Special Issue: Bioinformatics
Cancer Genomics: Building Haystacks, Finding Needles
Without computers and sophisticated mathematics to organize and sift through the recent explosion of genomic information about tumors, important clues to cancer might have remained hidden within jumbles of genetic code.
But of course this has not happened. Instead, with increasing efficiency over the last decade, biological information has been gathered, stored on computer servers, and shared through the Internet. With the help of informatics, researchers around the world have been mining this repository of data and uncovering more than a few new cancer-related findings.
One surprise was the recent discovery of fused genes in prostate cancer. Gene fusions, which arise when DNA sequences from two genes merge inappropriately, are a hallmark of cancers of the blood. But they had eluded detection in "solid" tumors until 2005, when a bioinformatics approach was applied to the challenge.
Researchers at the University of Michigan Medical School developed an algorithm to search an online database called Oncomine for unusual patterns of gene activity in subsets of prostate tumors. It's now known that fused genes are common in prostate tumors and may drive the disease. Fused genes have also been found in lung tumors and may yet be discovered in other common cancers.
Like many online databases, Oncomine can be used to explore diverse questions about cancer biology, and it could not have been built in the days before bioinformatics. The database contains results from 20,000 microarray experiments, most of which collected information on thousands of genes.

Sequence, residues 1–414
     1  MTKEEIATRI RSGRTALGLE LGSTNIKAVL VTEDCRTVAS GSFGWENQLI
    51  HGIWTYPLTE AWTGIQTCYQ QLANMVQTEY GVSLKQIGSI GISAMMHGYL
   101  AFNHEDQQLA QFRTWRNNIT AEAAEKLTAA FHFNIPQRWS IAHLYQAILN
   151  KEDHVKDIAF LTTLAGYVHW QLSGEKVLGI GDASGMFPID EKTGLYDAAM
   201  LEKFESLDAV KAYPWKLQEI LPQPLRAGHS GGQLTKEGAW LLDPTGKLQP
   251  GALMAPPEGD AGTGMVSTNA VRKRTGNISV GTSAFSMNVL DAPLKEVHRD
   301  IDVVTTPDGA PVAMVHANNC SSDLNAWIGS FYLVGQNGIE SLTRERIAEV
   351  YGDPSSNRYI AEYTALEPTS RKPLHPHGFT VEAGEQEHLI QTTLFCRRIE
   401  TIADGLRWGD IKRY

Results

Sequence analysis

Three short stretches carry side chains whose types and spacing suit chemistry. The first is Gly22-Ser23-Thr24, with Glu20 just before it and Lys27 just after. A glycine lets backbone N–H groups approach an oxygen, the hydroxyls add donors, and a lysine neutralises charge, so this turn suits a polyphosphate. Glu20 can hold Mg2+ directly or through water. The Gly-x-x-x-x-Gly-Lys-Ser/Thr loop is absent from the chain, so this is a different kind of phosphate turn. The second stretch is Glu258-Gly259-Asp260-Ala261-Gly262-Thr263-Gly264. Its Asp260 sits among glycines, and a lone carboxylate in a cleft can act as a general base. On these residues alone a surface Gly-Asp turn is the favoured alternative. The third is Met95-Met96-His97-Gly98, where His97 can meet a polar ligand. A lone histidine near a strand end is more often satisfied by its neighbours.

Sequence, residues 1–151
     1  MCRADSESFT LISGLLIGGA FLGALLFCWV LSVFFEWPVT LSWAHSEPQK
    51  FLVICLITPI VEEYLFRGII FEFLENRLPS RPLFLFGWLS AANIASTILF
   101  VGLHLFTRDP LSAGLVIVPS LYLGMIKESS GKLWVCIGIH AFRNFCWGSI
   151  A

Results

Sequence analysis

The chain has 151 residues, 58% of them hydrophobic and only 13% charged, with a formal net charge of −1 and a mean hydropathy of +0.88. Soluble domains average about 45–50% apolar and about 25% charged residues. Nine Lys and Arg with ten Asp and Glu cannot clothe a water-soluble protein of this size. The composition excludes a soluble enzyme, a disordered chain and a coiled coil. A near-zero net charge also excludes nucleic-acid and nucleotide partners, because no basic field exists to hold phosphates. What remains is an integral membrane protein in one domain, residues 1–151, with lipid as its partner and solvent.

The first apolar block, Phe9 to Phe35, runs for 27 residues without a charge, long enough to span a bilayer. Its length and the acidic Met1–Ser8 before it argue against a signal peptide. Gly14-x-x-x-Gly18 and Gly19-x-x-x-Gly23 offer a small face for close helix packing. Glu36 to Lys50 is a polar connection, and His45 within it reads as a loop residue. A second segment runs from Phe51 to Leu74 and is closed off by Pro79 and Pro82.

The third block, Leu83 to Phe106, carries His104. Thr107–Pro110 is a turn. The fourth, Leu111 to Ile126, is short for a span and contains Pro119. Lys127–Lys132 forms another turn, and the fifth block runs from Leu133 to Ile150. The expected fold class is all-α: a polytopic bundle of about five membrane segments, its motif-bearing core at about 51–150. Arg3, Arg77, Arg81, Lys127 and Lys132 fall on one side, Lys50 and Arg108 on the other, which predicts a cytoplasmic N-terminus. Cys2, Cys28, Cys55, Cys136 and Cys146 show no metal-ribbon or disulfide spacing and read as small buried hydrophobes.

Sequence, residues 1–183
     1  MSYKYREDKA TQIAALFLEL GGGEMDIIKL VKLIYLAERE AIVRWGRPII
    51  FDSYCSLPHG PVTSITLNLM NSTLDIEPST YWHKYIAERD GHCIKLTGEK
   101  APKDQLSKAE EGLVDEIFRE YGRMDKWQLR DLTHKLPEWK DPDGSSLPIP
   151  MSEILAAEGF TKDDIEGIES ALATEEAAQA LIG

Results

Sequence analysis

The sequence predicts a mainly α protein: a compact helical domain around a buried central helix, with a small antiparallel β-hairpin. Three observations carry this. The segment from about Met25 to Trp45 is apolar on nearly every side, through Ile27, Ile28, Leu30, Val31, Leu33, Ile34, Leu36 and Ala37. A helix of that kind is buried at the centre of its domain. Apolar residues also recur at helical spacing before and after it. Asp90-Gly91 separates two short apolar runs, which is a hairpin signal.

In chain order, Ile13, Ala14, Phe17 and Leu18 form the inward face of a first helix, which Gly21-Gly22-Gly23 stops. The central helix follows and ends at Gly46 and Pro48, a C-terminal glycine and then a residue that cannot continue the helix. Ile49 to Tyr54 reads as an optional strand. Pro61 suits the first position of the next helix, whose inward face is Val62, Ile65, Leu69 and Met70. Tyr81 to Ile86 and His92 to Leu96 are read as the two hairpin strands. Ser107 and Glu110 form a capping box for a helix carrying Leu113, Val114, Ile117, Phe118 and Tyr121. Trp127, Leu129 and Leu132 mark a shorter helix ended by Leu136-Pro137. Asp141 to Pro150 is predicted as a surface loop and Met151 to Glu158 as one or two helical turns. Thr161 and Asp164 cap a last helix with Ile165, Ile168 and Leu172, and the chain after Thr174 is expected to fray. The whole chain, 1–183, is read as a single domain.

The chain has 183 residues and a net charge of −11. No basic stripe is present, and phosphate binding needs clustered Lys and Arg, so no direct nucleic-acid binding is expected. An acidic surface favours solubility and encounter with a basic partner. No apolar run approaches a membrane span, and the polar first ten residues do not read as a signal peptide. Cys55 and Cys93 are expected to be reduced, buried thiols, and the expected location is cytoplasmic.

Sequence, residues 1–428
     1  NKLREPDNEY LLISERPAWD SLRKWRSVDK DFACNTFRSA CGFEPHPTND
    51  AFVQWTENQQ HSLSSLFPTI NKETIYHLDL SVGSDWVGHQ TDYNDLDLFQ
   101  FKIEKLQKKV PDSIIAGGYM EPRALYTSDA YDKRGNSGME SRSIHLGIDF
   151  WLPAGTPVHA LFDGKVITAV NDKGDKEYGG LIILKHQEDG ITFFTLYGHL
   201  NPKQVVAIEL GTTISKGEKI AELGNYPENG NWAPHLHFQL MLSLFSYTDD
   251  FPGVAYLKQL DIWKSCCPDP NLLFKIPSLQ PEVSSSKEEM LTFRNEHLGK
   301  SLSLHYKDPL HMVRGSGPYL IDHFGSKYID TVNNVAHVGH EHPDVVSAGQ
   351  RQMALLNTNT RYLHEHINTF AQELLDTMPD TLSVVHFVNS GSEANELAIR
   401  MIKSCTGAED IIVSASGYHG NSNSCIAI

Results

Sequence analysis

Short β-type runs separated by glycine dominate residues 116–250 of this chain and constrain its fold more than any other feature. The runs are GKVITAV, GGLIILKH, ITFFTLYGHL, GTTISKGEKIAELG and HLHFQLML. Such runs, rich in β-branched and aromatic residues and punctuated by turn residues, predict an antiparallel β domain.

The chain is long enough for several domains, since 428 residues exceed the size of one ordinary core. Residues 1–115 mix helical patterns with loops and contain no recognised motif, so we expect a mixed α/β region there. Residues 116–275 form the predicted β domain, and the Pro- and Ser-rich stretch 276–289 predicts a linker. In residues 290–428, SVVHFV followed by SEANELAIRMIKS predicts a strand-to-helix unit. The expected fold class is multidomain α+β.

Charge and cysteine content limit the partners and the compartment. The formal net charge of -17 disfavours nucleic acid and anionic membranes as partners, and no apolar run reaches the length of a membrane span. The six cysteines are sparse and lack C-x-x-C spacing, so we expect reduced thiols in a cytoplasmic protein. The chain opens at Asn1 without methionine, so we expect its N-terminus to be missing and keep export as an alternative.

Another such bioinformatics resource is the Connectivity Map. Developed at the Broad Institute and supported by NCI's Integrative Cancer Biology Program, this is an online database of gene signatures that can help identify potential drugs for treating disease. Users can search for drugs that modify the genetic program of a cancer cell in a way that may benefit patients. Recent studies have yielded candidates for targeting leukemia stem cells and treating a rare leukemia.
As with all such computational predictions, the findings need validation. Nonetheless, bioinformatics can provide leads when there are few other options. For example, computational algorithms have uncovered what are truly needles in the haystack of the human genome—microRNAs. First identified in other species, these snippets of genetic material are only about 22 nucleotides in length. But they are important regulators of genes and have been linked to cancer and metastasis.
Bioinformatics can also help with a central challenge of cancer genomics: Distinguishing genetic alterations that initiate and fuel cancers (known as drivers) from changes that are merely present in tumors but do not contribute to the disease (the passengers). Computational tools can help identify potential drivers based on statistical measures such as how common a mutation is.
With all studies of cancer genomes, the goal is always to translate knowledge into improvements in the prevention, detection, and treatment of the disease. Being able to collect and compare large amounts of clinical and genomic data can help achieve this goal, as a recent finding from The Cancer Genome Atlas (TCGA) project suggests.
By comparing genomic and epigenomic data on brain tumors with the treatment records of patients, the study uncovered a potential mechanism of resistance to a cancer drug. While the insight itself is perhaps not unusual, the promise of bioinformatics is that by making such comparisons on a large scale and with powerful analytical tools, scientists can accelerate the pace of discovery.